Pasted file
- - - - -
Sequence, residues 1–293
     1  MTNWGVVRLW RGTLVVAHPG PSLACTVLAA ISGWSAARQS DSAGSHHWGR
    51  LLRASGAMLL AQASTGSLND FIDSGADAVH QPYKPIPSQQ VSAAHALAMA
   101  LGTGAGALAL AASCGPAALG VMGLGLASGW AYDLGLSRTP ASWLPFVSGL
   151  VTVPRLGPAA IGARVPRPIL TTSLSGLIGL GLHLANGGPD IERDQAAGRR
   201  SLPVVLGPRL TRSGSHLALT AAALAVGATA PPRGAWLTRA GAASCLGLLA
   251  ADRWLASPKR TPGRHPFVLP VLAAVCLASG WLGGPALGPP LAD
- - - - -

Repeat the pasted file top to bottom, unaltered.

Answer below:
Sequence, residues 1–293
     1  MTNWGVVRLW RGTLVVAHPG PSLACTVLAA ISGWSAARQS DSAGSHHWGR
    51  LLRASGAMLL AQASTGSLND FIDSGADAVH QPYKPIPSQQ VSAAHALAMA
   101  LGTGAGALAL AASCGPAALG VMGLGLASGW AYDLGLSRTP ASWLPFVSGL
   151  VTVPRLGPAA IGARVPRPIL TTSLSGLIGL GLHLANGGPD IERDQAAGRR
   201  SLPVVLGPRL TRSGSHLALT AAALAVGATA PPRGAWLTRA GAASCLGLLA
   251  ADRWLASPKR TPGRHPFVLP VLAAVCLASG WLGGPALGPP LAD